Modi negates his own peace statement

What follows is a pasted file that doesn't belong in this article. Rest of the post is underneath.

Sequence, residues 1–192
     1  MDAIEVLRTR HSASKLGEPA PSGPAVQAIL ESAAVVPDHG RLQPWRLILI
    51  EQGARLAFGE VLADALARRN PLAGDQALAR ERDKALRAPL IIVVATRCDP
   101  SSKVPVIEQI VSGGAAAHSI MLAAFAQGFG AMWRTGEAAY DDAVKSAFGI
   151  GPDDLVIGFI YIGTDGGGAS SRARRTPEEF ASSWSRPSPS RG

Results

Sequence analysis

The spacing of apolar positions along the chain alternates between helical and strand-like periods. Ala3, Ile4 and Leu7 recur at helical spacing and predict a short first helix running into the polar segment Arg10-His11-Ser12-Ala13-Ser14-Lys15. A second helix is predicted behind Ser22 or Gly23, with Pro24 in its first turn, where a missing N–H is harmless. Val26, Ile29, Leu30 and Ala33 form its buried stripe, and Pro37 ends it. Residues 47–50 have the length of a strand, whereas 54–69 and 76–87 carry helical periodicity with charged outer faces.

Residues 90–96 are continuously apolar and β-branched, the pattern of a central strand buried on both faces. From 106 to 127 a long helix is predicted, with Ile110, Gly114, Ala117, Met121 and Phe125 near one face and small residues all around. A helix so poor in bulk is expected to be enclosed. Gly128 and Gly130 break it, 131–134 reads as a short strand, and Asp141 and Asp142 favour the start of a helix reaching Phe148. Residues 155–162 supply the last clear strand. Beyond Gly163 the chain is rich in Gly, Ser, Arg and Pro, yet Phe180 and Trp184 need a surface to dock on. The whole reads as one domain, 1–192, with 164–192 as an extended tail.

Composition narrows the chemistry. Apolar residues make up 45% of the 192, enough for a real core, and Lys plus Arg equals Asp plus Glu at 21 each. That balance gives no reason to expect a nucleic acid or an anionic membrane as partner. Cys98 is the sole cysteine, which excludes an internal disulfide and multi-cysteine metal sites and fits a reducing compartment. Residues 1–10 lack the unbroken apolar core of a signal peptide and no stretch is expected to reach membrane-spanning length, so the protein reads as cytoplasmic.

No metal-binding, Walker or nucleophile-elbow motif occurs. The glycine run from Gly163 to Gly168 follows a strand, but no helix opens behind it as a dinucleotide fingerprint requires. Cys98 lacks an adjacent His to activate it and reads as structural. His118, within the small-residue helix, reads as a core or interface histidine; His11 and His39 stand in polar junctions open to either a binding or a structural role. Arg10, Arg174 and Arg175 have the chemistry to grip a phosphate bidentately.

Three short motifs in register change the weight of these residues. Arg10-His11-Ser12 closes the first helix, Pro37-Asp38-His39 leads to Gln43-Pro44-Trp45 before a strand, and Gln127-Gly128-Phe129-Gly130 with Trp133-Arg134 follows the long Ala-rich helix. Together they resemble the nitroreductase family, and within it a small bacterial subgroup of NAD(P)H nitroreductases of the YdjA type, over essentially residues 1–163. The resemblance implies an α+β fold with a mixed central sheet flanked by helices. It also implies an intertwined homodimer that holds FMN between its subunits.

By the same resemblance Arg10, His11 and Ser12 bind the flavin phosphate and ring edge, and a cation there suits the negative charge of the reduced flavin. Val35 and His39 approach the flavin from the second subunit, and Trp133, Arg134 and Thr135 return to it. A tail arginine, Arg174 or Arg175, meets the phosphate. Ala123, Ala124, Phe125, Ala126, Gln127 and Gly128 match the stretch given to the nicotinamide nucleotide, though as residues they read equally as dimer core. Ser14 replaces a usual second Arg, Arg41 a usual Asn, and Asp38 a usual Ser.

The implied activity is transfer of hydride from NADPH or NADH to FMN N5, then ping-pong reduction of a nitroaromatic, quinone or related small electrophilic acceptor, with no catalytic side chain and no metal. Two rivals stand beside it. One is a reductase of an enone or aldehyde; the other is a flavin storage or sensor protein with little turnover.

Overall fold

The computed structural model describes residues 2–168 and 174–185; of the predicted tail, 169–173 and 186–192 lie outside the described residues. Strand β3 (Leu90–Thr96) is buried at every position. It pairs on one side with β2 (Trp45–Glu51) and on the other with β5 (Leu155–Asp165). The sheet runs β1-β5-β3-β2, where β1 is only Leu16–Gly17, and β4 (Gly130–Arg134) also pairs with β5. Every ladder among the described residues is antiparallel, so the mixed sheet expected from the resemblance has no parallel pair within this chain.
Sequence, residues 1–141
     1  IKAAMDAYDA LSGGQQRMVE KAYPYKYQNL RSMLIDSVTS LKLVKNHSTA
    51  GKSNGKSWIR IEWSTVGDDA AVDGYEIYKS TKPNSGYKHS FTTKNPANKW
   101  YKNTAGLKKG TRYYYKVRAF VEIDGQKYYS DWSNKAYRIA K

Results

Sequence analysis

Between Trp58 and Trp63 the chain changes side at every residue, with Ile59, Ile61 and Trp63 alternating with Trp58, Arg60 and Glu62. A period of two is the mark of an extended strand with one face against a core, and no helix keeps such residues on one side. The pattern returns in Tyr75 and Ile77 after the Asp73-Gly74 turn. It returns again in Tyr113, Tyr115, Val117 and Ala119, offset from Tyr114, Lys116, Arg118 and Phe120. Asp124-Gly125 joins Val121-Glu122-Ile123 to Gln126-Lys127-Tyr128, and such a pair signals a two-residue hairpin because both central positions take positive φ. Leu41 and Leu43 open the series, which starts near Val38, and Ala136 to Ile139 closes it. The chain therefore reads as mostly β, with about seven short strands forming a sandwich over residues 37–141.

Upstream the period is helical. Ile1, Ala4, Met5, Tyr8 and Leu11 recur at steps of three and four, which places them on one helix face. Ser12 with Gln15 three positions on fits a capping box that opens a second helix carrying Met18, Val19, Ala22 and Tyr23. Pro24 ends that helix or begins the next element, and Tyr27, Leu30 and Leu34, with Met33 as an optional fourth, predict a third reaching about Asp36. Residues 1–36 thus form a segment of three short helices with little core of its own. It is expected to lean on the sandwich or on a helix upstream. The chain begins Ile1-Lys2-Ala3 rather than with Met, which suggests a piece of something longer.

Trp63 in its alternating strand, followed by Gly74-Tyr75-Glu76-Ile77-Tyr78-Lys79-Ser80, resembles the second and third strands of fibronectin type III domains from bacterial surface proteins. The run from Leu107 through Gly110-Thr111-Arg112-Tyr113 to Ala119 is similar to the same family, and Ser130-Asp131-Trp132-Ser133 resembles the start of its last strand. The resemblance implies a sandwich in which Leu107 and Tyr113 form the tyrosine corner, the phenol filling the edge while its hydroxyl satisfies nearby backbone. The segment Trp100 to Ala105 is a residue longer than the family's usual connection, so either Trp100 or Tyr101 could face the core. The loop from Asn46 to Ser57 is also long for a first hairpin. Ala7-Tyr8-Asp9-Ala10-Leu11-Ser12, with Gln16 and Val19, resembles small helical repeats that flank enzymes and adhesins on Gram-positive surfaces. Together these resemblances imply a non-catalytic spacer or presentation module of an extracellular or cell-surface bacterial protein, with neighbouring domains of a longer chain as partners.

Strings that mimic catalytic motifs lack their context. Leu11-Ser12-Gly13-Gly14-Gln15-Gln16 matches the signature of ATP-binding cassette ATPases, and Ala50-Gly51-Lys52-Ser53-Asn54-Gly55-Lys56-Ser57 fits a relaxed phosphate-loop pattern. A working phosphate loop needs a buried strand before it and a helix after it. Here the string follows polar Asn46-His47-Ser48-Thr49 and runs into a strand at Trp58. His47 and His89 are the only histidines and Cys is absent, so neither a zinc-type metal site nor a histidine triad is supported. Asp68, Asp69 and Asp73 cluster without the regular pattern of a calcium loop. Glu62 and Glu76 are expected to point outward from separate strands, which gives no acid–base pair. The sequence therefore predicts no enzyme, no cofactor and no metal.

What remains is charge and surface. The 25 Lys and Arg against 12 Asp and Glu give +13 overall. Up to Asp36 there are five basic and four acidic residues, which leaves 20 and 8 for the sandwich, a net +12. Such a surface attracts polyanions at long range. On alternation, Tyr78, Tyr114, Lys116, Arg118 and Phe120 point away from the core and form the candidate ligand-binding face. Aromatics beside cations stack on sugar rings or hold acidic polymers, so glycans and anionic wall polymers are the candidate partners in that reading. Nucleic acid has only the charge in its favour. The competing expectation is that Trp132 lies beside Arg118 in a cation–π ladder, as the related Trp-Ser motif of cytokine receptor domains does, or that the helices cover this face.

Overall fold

IN a media interview, Indian Prime Minister Narendra Modi has said that his government was undertaking efforts for peace with Pakistan. He also claimed that his country always wanted friendly ties with its neighbours and that there was no debate on that. In the first place, one must welcome statement of the Indian leader that his country wants to promote peace with Pakistan as this is the only option available for the two countries. There are, no doubt, issues and irritants but these can also be addressed through a sustained dialogue and it is through durable peace that the two neighbours can fulfil their agenda of fighting poverty and backwardness and concentrate on progress and prosperity of their people. If Modi means what he says, there is no reason the two countries would not engage into dialogue and resolve their problems for peace, security and stability of the region and a secure economic future of their people. This is because there is not only reciprocity but more enthusiasm on this side of the border to have normal relationship between the two countries. This is particularly so in the case of Prime Minister Nawaz Sharif who started offering goodwill gestures to India even before assumption of office and afterwards also demonstrated vision and passion for peace in the region. History bears testimony to the fact that he opted to exercise utmost restraint even in the face of extreme provocation from the other side both in terms of harsh and bullying statements and military posture. It is also unfortunate that while trying to establish his peace credentials, Prime Minister Modi also resorted to his favourite line of action – hurling threats – as he added in the same breath during the interview that his forces at the borders have ‘full freedom to answer back’ in whatever manner they have to. We wish Modi realizes that these shallow statements and outbursts are not helpful for the cause of peace and he will have to demonstrate sincerity by extending a genuine hand of friendship to Pakistan. The habit of bullying Pakistan and running away from dialogue must change and in that case New Delhi would not be disappointed by Islamabad.